Good food is a cruise staple and MSC Virtuosa doesn’t disappoint in this regard. A positive outcome of the pandemic is the implementation of pre-prepared plates in the buffet. Not only is presentation much improved but food wastage will also be dramatically reduced. I hope that this change remains when the current health risk subsides.

The main restaurants provide a varied menu from quality ingredients and feedback from personal enquiries was mostly very positive – one passenger remarked that it was “the best cruise food around”. Of course, the standard increases further in the speciality restaurants. The dining trilogy, which includes Indochine (traditional Vietnamese with a subtle French twist), Kaito (sushi, sashimi and tempura) and Butcher’s Cut (beef, any way you like it), are all exceptionally good and excellent value as a package offer. The kidney bean desert in Indochine caused quite a stir in our group, utterly bizarre on my tongue but nevertheless a unique experience which I hope MSC Cruises is brave enough to keep!

The trilogy can be upgraded to a ‘Finest Four’ to include Hola! Tacos & Cantina, which offers Mexican street food, including tacos, nachos, empanadas and tamales. But dinner in the MSC Yacht Club is the ultimate upgrade, albeit one that is restricted to those accommodated in this exclusive area.

I confess that my appreciation for an English pint prevented me from being very adventurous when seeking a bar pit-stop. The Masters of the Sea pub had everything that I was looking for in a traditional old English-style setting. A rare deviation to the Sky Lounge was rewarded with good views over the pool deck (and a Guinness) and a compulsory visit to the Starship Bar presented an occasion to witness Rob’s dexterous mixology display.

Cruise ship entertainers generally get a poor rub and an onboard role on their CV can be a career killer. Happily though, my experience on MSC Virtuosa was much more positive. Of the four shows that I went to, only Rikki Jay didn’t live up to his billing as a funny man. Soul Sisters and Big Apple both delivered impassioned vocal performances, but the highlight was undoubtedly ‘Le Ciel de Paris’, a fast-paced vocal and dance tribute show.

The well-being and leisure facilities are individually and collectively very good. The Aurea Spa is a calm oasis, necessarily situated at the opposite end of the ship to where the noisier and more physical activities are homed. The most impressive leisure facility is Sportplex, sadly under-used on this cruise due to the health and safety protocols, but basketball, tennis, football and volleyball will be popular here when normal services resume. I suspect the gym may prove to be a little small for the European market where fitness has become a lifestyle for many, unlike my own fat-busting necessity.

Young families are well-catered for through the usual selection of baby, junior and teenager clubs and their separate club rooms are ingeniously presented and well-equipped. The Drone Flying Academy will be a huge hit with children, less so their parents, who’ll be left with a legacy that will trash treasured heirlooms back home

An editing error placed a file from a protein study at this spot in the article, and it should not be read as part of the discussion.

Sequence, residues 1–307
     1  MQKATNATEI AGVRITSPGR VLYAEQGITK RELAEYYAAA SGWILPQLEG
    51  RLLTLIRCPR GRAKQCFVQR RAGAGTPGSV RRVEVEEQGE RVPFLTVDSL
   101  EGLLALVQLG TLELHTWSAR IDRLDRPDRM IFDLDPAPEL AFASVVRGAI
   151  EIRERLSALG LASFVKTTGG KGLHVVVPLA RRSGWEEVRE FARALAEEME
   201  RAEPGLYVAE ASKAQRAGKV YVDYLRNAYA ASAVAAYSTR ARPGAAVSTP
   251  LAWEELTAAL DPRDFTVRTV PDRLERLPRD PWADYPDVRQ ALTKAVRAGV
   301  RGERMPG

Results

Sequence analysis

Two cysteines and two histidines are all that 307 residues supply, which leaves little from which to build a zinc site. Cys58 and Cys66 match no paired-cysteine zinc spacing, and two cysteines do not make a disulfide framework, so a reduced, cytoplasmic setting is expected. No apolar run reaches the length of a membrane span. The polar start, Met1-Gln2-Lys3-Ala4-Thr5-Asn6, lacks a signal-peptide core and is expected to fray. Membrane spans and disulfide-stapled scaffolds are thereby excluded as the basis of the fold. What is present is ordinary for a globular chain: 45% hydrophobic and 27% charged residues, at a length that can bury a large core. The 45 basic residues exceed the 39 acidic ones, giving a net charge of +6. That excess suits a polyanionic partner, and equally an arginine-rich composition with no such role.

The open deck areas are spacious and well-appointed, benefitting from a restricted selection of activities that can sometimes clutter the visual appeal and frustrate passengers that might be seeking a quiet sanctuary. But sunshine thrill seekers can still find some adventure in sliding around the Savannah Aquapark or climbing the Himalayan Bridge on the uppermost aft deck.

The record-breaking onboard retailing offer is also impressive. You can read more about this in my earlier overview of the onboard shopping experience.

MSC Cruises excels in service delivery and MSC Virtuosa continues this tradition. Typically, cruise passenger feedback forms are filled with praise or complaints about service levels, but MSC Cruises predictably scored highly on the first metric. During these revenue-challenging times the brand should package and sell whatever magic dust it sprinkles over the crew to ensure it sustains such high standards.

As each cruise comes to an end additional stringent Covid-19 prevention measures come into effect, Deck 12 cabins will likely be unused for a week while they are subjected to a vigorous cleaning programme. Other rotations, like changing the main dining rooms, and protection protocols will ensure the health and safety of future passengers.

Isolated cases will likely occur on cruise ships in the months ahead, but passengers will be in safer hands at sea than they are in other hospitality accommodation. And onboard MSC Virtuosa, everyone will rejoice the many magical memories and truly appreciate a much-needed break from the anguish that’s prevalent in these troubling times.

 

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Jon Ingleton
By Jon Ingleton
01 June 2021